Rural Africa Weekly Report: Accra Migration Forum and Other Reports
Every week, RuralReporters.com collates a report on development in rural Africa and its environs. The reports include are some of our top picks of recent must-read research, interviews, reports, blogs and in-depth articles to help you keep on top of global crises. Here are some of the updates you may have missed from the previous week.
Travelling across border, especially within African regions or the continent shouldn’t be difficult. It should be as easy as going to the next town or community within a local area. Unfortunately, this is not so.
Yearly, millions of people face several hurdle of travelling across border, either through legal or illegal means. Prominent among these set are young people who desperately move across border for “greener pasture” – mostly in search of jobs and better opportunity.
Speaking when he addressed a special UN Summit held to adopt the Sustainable Development Goals, President Kenyatta also thanked UN member states and other stakeholders for patiently engaging in negotiations culminating in a blueprint to galvanise global action towards ending poverty in all its forms.
President Kenyatta said inequality was still rife in the world and much more resources as well as policy dedication was required to mend the rifts.
“We must acknowledge that progress has been uneven across the world and across the Goals. There remains huge disparities between and within countries” said the President. “Within countries, rural poverty remains unacceptably high while urban poverty is extensive, growing, and underreported by traditional indicators” said the President.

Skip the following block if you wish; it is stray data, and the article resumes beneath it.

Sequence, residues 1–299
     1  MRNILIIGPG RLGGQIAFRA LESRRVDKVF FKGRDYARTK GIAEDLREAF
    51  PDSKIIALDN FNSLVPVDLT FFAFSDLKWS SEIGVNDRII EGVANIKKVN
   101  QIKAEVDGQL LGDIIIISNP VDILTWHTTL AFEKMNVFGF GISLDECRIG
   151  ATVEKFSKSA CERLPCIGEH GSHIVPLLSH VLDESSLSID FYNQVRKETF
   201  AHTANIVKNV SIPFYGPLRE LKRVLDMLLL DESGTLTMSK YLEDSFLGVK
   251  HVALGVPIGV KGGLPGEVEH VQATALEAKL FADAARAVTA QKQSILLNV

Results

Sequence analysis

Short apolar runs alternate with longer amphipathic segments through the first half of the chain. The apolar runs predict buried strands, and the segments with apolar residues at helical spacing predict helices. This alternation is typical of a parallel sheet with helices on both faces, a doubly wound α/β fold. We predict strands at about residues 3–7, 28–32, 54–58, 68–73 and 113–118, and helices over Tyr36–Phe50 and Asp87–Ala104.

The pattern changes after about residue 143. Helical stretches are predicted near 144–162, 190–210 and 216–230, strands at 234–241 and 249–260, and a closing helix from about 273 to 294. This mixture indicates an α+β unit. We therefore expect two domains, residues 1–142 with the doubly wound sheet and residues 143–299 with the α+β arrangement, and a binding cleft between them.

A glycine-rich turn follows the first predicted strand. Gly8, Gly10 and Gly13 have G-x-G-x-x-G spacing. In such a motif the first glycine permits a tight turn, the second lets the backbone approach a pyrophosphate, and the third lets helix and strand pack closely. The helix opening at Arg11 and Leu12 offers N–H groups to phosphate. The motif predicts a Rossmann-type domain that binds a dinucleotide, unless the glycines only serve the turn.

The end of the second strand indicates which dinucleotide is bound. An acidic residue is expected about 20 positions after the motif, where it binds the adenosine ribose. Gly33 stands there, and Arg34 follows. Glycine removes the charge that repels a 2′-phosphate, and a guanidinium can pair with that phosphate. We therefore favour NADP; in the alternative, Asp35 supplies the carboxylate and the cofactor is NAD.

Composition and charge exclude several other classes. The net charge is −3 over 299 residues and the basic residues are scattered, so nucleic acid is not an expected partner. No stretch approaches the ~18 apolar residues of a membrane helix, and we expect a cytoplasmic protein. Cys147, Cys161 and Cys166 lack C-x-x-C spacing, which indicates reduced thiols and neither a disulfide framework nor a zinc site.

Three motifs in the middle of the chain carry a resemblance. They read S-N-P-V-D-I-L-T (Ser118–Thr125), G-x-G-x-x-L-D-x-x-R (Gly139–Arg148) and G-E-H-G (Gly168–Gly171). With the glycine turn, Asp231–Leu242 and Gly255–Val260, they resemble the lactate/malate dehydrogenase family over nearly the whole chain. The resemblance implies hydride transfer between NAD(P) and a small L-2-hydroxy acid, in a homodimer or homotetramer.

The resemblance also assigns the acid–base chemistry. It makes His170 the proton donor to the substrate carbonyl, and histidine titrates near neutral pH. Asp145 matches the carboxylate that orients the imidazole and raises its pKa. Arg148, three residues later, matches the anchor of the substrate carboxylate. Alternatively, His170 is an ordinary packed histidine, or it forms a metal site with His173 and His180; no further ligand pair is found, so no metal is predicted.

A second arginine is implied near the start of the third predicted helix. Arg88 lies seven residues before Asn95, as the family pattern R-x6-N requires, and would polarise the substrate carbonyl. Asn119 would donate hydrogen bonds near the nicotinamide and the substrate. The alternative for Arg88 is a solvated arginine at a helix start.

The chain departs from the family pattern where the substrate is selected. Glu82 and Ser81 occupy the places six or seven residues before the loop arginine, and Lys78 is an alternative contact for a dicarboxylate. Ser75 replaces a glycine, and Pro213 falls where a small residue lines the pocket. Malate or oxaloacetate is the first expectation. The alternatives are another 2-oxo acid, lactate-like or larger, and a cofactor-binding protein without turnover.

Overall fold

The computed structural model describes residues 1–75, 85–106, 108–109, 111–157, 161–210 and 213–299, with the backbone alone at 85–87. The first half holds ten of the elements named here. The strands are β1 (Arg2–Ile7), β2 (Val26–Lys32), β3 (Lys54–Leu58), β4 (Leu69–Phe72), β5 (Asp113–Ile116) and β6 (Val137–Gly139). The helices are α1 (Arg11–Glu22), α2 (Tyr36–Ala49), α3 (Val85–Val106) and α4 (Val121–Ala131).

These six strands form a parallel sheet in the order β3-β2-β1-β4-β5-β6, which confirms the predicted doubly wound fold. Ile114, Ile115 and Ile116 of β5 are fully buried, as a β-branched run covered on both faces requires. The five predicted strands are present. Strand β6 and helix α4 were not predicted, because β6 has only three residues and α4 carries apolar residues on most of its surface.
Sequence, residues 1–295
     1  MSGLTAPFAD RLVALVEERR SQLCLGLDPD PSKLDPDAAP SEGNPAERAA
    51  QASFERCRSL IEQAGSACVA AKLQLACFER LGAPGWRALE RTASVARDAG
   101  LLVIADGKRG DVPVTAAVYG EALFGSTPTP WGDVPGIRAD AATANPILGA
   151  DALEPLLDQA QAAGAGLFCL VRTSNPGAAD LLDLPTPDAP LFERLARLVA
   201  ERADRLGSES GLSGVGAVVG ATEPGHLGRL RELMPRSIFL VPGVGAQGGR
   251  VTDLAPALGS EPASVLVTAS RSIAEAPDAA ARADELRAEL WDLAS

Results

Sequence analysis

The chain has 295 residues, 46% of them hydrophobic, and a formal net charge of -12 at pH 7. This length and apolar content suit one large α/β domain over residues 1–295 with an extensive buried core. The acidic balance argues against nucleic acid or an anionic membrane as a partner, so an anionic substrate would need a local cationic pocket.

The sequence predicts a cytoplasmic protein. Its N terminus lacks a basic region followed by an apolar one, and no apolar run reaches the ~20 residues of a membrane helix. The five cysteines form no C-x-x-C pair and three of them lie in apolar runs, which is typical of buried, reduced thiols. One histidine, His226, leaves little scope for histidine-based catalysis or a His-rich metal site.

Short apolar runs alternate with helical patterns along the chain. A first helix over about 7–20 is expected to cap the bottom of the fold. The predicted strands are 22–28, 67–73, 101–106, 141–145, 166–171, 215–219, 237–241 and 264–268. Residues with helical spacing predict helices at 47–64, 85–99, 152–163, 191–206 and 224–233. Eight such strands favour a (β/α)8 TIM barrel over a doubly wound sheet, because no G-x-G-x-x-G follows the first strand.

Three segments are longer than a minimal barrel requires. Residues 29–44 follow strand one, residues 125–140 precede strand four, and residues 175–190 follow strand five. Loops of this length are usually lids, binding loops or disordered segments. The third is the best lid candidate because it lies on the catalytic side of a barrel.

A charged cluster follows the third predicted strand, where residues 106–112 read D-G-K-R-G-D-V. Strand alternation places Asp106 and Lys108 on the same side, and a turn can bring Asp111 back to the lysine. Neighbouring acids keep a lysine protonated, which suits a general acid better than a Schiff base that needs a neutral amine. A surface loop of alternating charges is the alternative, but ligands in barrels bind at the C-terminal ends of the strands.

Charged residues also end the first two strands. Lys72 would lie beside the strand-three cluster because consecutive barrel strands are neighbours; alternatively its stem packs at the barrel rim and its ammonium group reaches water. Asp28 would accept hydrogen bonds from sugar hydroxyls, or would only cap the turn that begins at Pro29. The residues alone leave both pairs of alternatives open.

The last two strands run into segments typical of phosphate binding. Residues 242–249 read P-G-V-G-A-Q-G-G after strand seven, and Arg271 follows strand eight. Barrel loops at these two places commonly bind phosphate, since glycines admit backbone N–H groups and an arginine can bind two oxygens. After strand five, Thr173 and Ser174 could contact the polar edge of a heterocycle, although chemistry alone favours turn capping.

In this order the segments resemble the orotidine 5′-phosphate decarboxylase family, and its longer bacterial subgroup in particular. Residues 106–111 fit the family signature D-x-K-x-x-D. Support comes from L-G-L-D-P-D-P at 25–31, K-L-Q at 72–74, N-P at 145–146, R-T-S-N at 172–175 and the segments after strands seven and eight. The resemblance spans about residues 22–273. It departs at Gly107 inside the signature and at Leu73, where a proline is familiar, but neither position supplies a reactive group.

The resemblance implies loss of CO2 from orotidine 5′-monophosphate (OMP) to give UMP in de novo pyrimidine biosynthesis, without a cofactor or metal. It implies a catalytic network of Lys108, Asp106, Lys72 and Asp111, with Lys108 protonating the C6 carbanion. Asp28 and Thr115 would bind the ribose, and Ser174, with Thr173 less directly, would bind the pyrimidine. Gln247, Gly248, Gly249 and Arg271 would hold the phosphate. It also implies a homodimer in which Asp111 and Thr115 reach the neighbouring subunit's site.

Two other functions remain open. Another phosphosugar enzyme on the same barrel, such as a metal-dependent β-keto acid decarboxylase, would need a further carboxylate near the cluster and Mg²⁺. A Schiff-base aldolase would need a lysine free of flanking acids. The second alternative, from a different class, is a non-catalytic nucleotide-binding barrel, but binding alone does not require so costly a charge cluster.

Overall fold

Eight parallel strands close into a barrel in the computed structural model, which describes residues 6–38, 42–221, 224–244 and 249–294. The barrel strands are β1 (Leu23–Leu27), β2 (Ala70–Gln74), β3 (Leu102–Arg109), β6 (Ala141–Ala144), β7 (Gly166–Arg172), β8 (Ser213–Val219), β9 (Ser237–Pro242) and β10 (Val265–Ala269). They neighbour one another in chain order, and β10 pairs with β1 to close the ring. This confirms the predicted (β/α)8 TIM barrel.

There have been some real achievements in global education following the establishment of the millennium development goals (MDGs) by the UN in 2000. In sub-Saharan Africa, for example, the proportion of children enrolled in primary school has risen from 52% in 1990 to 80% this year.
However, in the dash to get children into the classroom, there was too little focus on the quality of the education once they were there. UNESCO estimates that of the world’s 650 million primary school children, at least 250 million lack even basic literacy and numeracy skills.
The new sustainable development goals (SDGs), which will replace the MDGs at the end of this year, address this issue of standards, calling for “inclusive and quality education for all” by 2030. But these will remain empty conference room sentiments if the $16bn (£10.5bn) per year required to achieve good quality universal education throughout the world is not met.
This is the first time that Nigeria has interrupted transmission of wild polio virus, bringing the country and the African region closer than ever to being certified polio-free.
As recently as 2012, Nigeria accounted for more than half of all polio cases worldwide. Since then, a concerted effort by all levels of government, civil society, religious leaders and tens of thousands of dedicated health workers have resulted in Nigeria successfully stopping polio. More than 200 000 volunteers across the country repeatedly immunized more than 45 million children under the age of 5 years, to ensure that no child would suffer from this paralysing disease. Innovative approaches, such as increased community involvement and the establishment of Emergency Operations Centres at the national and state level, have also been pivotal to Nigeria’s success.
The Quartz Africa Innovators’ Summit in Nairobi and video by Kenyan lawyer and tech investor, Ory Okolloh brought home a critical point in discussions on innovations and entrepreneurship in Africa. According to Quartz Africa, the African Innovator honoree provoked a debate and among other things said: “…You can’t entrepreneur around bad leadership, we can’t entrepreneur around bad policy. Those of us who managed to entrepreneur ourselves out of it are living in a very false security in Africa. There is growth in Africa but Africans are not growing…”
Fundamentally, what Okolloh said was that Africa cannot pull itself out of problems using the “hype” on the popularized necessity for “innovation” and “entrepreneurship”.